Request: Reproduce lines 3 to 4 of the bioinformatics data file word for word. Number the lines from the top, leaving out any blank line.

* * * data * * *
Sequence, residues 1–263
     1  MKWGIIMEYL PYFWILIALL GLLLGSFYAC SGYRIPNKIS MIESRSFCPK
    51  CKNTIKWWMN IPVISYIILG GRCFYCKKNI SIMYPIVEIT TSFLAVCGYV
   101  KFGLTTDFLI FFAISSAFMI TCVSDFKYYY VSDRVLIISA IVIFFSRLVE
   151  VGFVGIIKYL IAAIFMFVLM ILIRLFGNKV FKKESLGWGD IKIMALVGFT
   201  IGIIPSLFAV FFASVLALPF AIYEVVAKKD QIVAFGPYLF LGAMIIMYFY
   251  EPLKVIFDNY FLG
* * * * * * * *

    51  CKNTIKWWMN IPVISYIILG GRCFYCKKNI SIMYPIVEIT TSFLAVCGYV
   101  KFGLTTDFLI FFAISSAFMI TCVSDFKYYY VSDRVLIISA IVIFFSRLVE